There is a significant difference between this subdivision and its counterpart under the federal rule. The summons that is to be issued under this rule is a prosecutor's summons, G.L. c. 277, § 68 , and not a court summons, G.L. c. 233, § 1. This is because G.L. c. 233, § 3 provides that witnesses summoned on behalf of the defendant are entitled to prepayment of some of their expenses. If this requirement were applicable to witnesses for indigent defendants, an added burden would be imposed on the court clerks. Therefore, witnesses for indigent defendants are to be summoned by the Commonwealth pursuant to G.L. c. 277, §§ 68-69 , and will not require prepayment. This procedure parallels that of Rules of Criminal Procedure (U.L.A.) Rule 731(b) (1974). Compare Fed.R.Crim.P. 17(b), (d).
The expenses involved in securing the attendance of a witness on behalf of a defendant or the Commonwealth in a criminal proceeding consist of the fees of the officer serving the process and fees to the witness for travel and attendance. G.L. c. 233, §§ 2-3 ; c. 262, §§ 8(B)(3), 29 .
General Laws c. 262, § 29 requires that a witness certify in writing the amount of his travel and attendance costs and serves as a basis for this subdivision. The statute additionally provides that where the witness has been summonsed by the Commonwealth, the certificate must be accompanied by a voucher signed by the attorney general or the district attorney stating that such fees are due the witness for his attendance. This rule adds witnesses summonsed by indigent defendants to this category and provides for the payment of their expenses in the same manner as the expenses of Commonwealth witnesses are paid. Where the district attorney is prosecuting the case, G.L. c. 12, § 24 (as amended, St.1978, c. 478, § 10) authorizes the payment of expenses of government-summonsed witnesses from Commonwealth funds. See G.L. c. 213, § 8 , which the Supreme Judicial Court in Blazo stated would authorize county payment (now the Commonwealth, § 8 as amended, St.1978, c. 478, § 127) of witnesses ordered to attend on behalf of an indigent defendant. Blazo v. Superior Court, supra, at 146.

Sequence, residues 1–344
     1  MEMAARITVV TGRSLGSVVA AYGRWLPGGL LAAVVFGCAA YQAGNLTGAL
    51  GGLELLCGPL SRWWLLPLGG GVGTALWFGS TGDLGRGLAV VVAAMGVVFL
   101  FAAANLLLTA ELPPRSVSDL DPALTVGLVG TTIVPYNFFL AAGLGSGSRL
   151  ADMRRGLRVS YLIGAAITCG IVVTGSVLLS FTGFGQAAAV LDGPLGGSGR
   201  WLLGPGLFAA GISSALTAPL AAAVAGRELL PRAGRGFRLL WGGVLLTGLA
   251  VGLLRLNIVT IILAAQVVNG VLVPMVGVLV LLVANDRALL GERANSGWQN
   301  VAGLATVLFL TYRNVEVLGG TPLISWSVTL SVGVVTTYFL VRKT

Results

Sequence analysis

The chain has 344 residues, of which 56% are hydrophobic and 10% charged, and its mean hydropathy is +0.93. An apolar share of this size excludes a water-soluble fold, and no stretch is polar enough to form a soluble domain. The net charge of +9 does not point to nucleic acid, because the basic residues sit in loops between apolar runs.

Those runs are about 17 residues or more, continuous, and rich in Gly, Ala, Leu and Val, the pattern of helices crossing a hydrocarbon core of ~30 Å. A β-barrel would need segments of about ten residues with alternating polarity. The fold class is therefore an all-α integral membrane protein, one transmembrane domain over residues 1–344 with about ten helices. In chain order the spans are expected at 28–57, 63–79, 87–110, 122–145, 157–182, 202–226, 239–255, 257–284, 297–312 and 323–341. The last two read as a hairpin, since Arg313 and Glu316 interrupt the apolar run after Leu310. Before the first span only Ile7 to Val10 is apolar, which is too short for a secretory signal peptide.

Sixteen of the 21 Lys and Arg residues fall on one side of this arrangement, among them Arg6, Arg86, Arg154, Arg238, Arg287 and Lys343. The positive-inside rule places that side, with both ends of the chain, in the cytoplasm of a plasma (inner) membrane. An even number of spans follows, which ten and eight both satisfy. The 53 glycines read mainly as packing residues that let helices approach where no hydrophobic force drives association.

Under this rule, all witnesses are to be paid established witness fees. This is a departure from prior law, G.L. c. 277, § 69, which required prosecution witnesses to attend without pay unless the court directed the payment of their fees and expenses.
The first sentence of subdivision (d)(1) embodies the substance of Mass.R.Civ.P. 45(c), which permits service “by any person who is not a party and is not less than 18 years of age.” Compare Fed.R.Civ.P. 45(c) with Fed.R.Crim.P. 17(d). This procedure accords with that under G.L. c. 233, § 2 , which provides that a summons for a witness may be served by an officer qualified to serve civil process or by some other disinterested person. Added is provision for service of summonses by persons authorized to serve criminal process. The rule would appear to allow service by counsel for the defendant or Commonwealth, although this practice has been criticized as perhaps “unwise.” 8 MASS. PRACTICE SERIES (Smith & Zobel) Reporter's Notes at 136 (1977); compare Supreme Judicial Court Rule 3:22, incorporating ABA Canons of Professional Ethics, Canon 19 (1972); ABA Code of Professional Responsibility DR 5-102, EC 5-9, 5-10 (1970).